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man ‘cured’ of cancer and HIV after stem cell treatment in stunning medical recovery

man ‘cured’ of cancer and HIV after stem cell treatment in stunning medical recovery
Paul Edmonds

An American, Paul Edmonds, has been cured of both cancer and HIV since one particular treatment five years ago known as a stem cell transplant in California.

In 2021, he also became one of five people in the world who had been cured of HIV. 

Sharing his story with the National Cancer Institute, City of Hope, Edmonds said that he had been living with HIV-1 for 31 years before the transplant. “People were dying within a few years of finding out they were positive,” said Edmonds recalling reading the obituaries of many friends back in the early 1980s. 

“A dark cloud was over the city,” he said, describing the city of San Francisco. At the time, people didn’t know what his friends were dying from but many called it AIDS. However, it was not until 1984 that HIV was identified as the cause of AIDS. 

Edmonds was diagnosed in 1988 with not just HIV, but full-blown AIDS. He told the City of Hope, that he felt he had been given a death sentence. In 1997, he began HIV antiretroviral therapy which effectively suppressed the virus to undetectable levels, but it is not a cure. 

In 2018, Edmonds was diagnosed with myelodysplastic syndrome, which eventually developed into acute myeloid leukaemia (AML). Since people with HIV have weaker immune systems, they are likely to develop leukaemia and other blood cancers.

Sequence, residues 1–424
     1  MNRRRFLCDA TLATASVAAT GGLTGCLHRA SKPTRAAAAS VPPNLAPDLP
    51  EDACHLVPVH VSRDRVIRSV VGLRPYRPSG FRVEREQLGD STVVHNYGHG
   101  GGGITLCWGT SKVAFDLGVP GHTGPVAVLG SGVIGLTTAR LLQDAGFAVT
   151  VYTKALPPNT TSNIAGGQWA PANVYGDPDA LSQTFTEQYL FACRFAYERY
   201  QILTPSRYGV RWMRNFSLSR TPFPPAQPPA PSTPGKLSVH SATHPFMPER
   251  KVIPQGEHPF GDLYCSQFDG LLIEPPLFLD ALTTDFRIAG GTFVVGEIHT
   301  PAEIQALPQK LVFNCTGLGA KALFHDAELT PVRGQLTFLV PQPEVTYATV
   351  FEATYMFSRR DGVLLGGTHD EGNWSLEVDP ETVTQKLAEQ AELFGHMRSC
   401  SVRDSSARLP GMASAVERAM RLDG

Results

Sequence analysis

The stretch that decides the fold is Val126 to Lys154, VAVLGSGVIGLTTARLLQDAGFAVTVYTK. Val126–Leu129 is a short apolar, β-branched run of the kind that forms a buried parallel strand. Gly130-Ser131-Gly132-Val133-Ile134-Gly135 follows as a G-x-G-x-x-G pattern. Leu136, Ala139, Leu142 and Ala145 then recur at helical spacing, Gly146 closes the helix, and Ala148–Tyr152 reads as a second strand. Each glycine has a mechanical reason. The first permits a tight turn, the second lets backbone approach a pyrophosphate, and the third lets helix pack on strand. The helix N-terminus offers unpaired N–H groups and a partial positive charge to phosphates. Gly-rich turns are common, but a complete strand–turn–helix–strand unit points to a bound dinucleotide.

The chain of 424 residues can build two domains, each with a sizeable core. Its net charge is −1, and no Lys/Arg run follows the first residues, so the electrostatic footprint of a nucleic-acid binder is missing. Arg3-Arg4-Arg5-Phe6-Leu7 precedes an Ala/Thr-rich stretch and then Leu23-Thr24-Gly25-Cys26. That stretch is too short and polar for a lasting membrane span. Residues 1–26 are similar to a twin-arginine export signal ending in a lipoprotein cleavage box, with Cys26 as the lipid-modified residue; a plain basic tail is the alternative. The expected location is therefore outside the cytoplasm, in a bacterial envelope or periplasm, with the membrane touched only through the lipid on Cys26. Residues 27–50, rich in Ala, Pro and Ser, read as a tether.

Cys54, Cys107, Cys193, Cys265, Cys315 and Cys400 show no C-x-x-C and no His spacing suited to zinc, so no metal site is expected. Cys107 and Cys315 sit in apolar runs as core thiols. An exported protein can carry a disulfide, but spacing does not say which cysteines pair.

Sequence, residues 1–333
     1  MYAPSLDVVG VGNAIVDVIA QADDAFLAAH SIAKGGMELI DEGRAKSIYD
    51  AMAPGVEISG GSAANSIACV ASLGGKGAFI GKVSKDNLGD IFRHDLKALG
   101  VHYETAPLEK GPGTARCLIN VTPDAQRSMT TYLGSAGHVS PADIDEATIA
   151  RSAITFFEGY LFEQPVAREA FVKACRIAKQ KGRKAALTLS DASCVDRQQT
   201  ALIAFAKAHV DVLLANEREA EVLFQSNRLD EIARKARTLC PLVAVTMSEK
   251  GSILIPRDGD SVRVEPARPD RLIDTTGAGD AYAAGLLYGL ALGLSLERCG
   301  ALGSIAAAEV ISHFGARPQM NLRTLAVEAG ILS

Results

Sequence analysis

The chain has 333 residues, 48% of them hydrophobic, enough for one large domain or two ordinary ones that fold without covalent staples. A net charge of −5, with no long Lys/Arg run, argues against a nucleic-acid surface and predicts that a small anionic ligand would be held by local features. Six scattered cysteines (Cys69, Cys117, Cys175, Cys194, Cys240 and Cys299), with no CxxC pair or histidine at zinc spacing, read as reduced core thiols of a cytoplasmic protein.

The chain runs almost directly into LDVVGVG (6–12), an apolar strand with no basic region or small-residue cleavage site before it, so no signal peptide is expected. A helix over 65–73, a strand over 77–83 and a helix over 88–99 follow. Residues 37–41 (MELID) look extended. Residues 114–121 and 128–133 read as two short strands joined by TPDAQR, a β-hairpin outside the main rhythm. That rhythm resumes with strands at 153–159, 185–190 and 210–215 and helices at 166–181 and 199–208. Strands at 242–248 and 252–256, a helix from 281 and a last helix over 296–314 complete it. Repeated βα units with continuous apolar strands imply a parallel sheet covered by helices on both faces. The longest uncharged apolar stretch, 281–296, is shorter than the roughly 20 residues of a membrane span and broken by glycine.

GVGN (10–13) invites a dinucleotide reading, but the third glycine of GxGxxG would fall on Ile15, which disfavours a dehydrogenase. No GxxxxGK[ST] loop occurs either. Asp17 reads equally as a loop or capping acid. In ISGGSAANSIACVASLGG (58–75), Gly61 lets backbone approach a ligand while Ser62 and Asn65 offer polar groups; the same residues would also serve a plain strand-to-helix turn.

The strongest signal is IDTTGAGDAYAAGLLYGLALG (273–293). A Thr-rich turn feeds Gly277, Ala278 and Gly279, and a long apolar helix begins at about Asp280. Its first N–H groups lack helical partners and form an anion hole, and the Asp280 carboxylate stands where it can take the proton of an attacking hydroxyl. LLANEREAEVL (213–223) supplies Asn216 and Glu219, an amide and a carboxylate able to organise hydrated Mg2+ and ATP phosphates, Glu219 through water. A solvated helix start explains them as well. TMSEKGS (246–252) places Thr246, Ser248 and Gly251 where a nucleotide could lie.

Paul Edmonds treatment

man ‘cured’ of cancer and HIV after stem cell treatment in stunning medical recovery
Paul Edmonds

Edmonds has been free of both cancer and HIV since one particular treatment and is now considered in remission from AML and in another two years, he will be considered “cured” of HIV, since it would mark five years from his last treatment. 

He is not only the fifth person in the world in remission of HIV, but also the eldest and had HIV the longest. Edmonds, 67, and his husband, Arnie House, were both HIV-positive when they were first diagnosed over three decades ago. 

“I wasn’t ready to die,” he told ABC News, speaking about his miraculous treatment at City of Hope. The medical team behind his case published his stunning recovery in the New England Journal of Medicine.

The treatment behind the remission is known as a stem cell transplant and is typically used in the final part of treatment for blood cancers, including leukaemia. 

As a part of the treatment, blood-forming stem cells in a patient’s bone marrow are destroyed using radiation or chemotherapy and the patient is then injected with healthy blood-forming stem cells. 

The stem cells are taken from a donor who has similar – but not the same – genes and are transplanted into the patient. These cells then produce cancer-free blood. However, in Edmonds’ case, the donated stem cells had a genetic mutation associated with resistance to HIV-1, said the doctors. 

“It’s a very rare mutation. It exists in roughly 1% of the population,” said Dr Jana Dickter, Edmond’s physician at City of Hope, as quoted by the New York Post. “It’s not something we find very commonly.”

The transplant replaced Edmonds’ bone marrow and blood stem cells with the donors’ and since then he has shown no signs of either AML or HIV. 

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